It’s a Digital World After All

By Blake J. Birchmeier

            In today’s increasingly digital world, almost all of us have acquired a new form of property interest called digital assets.  Digital assets, which are separate from our physical possessions, consists of digital information or communications, i.e. – email accounts, social media accounts, cloud-based storage accounts, digital photos, bank or other financial accounts, and cryptocurrencies, such as Bitcoin, that are stored as data on a computer server and accessed via the internet.  Until now, however, Pennsylvania law provided zero guidance for individuals who wished to transfer their so-called “digital assets” or how these digital assets were able to be accessed by their personal representatives upon their death.  Rather, access and control of these digital assets for Pennsylvanians have been largely governed by the terms-of-service agreement existing between the individual and various private companies.  Those agreements are commonly referred to as “click-through” agreements and are the legal terms of service that almost everyone blindly agrees to by clicking the applicable boxes in order to create an online account or to utilize the online services of a company.  These terms-of-service agreements can create problems for Pennsylvania account holders when they die or become disabled and their personal representative needs to gain access to those accounts on their behalf.

            Fortunately, Pennsylvania recently passed Act 72 of 2020 to provide guidance to Pennsylvanians with respect to the ability to access or transfer their various digital assets.  The Act is formally called the Revised Uniform Fiduciary Access to Digital Assets Act (“RUFADAA”) and was signed into law by Governor Tom Wolf on July 23, 2020, and took effect in January of 2021.  RUFADAA is designed to work in tandem with Pennsylvania’s existing laws concerning probate, estates, personal representatives, powers of attorney, and trusts.  In fact, RUFADAA now provides a framework within Pennsylvania law whereby you have a direct say and control over access to and the transfer of your digital assets. 

This new framework, under RUFADAA, is strikingly similar to assets that you already own and manage, which can either be controlled by the express provisions of your Will or Trust or through the designation of specified beneficiaries.  In that sense, it is important for you to know that many of these private online companies, such as Google, Apple, Facebook, Yahoo, etc., actually provide what is called an “online tool” so that you can instruct these companies, as custodians of your accounts, exactly who can gain access or control of your account and all or what information in your account those persons have access to.  Therefore, much like a beneficiary designation on your life insurance or retirement account, you have the ability to expressly direct these companies as to the manner of control or access your personal representative has to your information, either upon your death or disability.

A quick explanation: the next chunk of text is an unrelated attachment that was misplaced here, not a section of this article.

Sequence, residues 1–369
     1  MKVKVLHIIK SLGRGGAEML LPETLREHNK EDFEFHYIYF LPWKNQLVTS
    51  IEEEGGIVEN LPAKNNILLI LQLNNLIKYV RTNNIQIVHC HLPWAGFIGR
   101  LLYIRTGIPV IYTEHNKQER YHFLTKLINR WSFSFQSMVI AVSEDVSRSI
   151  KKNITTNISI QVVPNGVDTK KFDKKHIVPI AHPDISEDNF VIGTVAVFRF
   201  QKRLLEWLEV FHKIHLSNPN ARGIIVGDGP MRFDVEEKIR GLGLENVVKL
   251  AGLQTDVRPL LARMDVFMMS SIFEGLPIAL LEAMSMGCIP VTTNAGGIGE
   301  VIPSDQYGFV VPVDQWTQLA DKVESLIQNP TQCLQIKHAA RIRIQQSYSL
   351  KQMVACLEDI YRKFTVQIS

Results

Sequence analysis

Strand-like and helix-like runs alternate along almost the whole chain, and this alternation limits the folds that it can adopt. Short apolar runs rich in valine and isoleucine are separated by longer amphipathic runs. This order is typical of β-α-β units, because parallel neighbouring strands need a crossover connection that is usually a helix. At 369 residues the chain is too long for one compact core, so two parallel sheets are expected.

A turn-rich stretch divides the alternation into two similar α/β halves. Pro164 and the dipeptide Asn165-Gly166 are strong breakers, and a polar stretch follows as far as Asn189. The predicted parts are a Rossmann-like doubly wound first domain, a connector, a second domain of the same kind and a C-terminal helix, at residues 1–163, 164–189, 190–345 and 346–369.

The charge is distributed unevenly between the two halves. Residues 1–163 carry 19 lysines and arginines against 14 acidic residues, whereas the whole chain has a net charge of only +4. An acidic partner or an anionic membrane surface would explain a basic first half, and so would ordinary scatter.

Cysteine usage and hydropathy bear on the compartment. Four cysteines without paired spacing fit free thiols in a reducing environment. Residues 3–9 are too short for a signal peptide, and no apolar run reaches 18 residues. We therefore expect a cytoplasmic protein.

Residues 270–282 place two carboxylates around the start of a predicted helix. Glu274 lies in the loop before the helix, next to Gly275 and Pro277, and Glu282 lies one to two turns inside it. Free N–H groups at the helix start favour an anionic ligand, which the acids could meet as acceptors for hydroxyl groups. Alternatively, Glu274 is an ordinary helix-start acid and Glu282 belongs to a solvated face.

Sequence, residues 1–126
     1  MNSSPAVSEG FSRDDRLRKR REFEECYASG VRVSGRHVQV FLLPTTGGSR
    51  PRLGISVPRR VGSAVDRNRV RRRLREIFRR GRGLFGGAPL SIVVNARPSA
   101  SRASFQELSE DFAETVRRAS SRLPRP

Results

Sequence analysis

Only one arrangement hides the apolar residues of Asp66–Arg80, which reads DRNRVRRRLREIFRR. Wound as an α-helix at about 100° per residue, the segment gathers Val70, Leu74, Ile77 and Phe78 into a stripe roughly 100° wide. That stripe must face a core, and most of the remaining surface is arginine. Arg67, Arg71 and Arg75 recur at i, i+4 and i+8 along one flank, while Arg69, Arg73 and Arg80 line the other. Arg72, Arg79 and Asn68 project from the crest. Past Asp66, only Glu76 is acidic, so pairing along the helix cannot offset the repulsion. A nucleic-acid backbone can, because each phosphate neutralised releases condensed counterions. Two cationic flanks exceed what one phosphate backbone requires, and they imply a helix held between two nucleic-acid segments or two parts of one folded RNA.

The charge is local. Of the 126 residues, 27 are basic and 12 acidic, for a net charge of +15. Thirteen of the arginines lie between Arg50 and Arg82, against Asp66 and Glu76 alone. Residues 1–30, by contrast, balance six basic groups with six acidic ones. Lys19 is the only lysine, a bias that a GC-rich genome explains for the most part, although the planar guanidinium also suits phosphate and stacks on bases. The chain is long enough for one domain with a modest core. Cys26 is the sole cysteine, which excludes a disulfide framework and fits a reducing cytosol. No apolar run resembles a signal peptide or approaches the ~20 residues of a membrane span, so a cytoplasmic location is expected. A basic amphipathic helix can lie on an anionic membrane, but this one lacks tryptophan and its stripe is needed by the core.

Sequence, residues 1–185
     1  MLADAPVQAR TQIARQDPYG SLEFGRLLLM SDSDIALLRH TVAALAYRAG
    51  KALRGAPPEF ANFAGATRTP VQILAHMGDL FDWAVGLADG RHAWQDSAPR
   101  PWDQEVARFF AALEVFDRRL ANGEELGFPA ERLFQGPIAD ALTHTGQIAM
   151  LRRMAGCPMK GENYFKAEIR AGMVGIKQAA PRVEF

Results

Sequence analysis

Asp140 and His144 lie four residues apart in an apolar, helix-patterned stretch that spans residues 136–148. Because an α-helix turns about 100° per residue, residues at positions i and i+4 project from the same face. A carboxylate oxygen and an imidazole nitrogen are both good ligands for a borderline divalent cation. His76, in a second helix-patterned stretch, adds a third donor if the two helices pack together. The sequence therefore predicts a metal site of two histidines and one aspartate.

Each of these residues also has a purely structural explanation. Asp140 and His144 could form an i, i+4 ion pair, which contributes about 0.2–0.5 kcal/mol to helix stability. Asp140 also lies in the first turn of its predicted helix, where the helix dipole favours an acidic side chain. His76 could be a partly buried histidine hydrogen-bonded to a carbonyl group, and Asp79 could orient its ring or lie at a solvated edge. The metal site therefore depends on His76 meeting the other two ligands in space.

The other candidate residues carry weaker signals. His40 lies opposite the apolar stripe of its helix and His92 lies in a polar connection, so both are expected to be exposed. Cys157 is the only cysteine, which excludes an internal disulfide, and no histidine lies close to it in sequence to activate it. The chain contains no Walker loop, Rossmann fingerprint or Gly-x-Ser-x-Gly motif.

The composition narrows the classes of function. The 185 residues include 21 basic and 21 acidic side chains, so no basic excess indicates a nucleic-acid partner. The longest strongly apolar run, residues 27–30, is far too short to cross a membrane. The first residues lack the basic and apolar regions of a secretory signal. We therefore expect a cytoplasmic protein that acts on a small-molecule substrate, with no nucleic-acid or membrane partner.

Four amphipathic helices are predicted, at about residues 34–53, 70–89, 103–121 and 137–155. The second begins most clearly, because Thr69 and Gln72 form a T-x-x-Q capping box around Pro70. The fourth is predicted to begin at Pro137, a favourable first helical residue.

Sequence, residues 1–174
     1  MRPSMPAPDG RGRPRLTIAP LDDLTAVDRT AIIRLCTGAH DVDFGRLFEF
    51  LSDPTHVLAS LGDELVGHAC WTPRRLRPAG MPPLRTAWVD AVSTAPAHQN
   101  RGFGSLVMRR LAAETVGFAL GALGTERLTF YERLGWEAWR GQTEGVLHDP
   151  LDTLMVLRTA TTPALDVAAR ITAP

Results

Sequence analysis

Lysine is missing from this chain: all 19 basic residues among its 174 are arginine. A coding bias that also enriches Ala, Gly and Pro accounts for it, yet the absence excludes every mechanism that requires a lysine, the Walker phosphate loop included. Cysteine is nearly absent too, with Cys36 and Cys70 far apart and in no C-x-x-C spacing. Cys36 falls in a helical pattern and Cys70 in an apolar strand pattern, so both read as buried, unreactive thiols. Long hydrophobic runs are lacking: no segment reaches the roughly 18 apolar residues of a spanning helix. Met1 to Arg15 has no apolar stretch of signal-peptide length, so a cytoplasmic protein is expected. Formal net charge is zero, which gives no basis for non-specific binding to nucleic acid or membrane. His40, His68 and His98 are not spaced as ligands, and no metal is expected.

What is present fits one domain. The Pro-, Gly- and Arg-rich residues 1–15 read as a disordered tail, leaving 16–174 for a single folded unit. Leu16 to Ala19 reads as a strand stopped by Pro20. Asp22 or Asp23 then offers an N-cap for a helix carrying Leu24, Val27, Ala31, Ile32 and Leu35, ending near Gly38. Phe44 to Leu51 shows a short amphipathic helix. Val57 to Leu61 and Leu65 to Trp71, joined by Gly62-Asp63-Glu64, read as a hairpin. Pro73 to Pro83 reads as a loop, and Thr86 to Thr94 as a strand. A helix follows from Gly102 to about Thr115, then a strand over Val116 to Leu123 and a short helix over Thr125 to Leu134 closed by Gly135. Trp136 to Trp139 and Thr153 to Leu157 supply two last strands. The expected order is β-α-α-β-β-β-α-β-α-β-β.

Of course, there are providers of online accounts that do not provide these sort of user-directed instructions through an online tool, which is where the framework of RUFADAA concerns the various estate planning documents that our clients currently have in effect for the transfer or control of their physical possessions and estate.  In those cases where there are not online tools or designated successors to users online accounts, RUFADDA expressly grants users the power set forth their instructions for their digital assets in their Wills, Trust, or Powers of Attorney, which will override the provisions of the terms-of-service agreement in effect between you and these private companies.  This is critically important, especially if you wish to have your digital assets transferred or accessed in the same or similar manner as your other assets that you have designated and provided instructions related thereto in your Will, Trust, or Powers of Attorney.

Pennsylvanians who fail to properly plan for the management or disposition of their digital assets, whether during life or at death, may not be able to override the express provisions of the terms-of-service agreements in effect between themselves and these private companies.  While RUFADAA provides that the same personal representative appointed to manage a person’s physical possessions will also have the ability to manage that person’s digital assets, in the absence of an online tool or direction in the person’s estate planning documents, access to certain information is limited and can be obtained only through a legal process involving a court. 

It’s a digital world after all and if your digital assets are just as important as the other assets you are passing on to your loved ones, it is important that you contact our Estates and Trusts Attorneys to consider an update to your estate planning documents, so that the provisions and protections of RUFADAA are properly incorporated into your estate plan.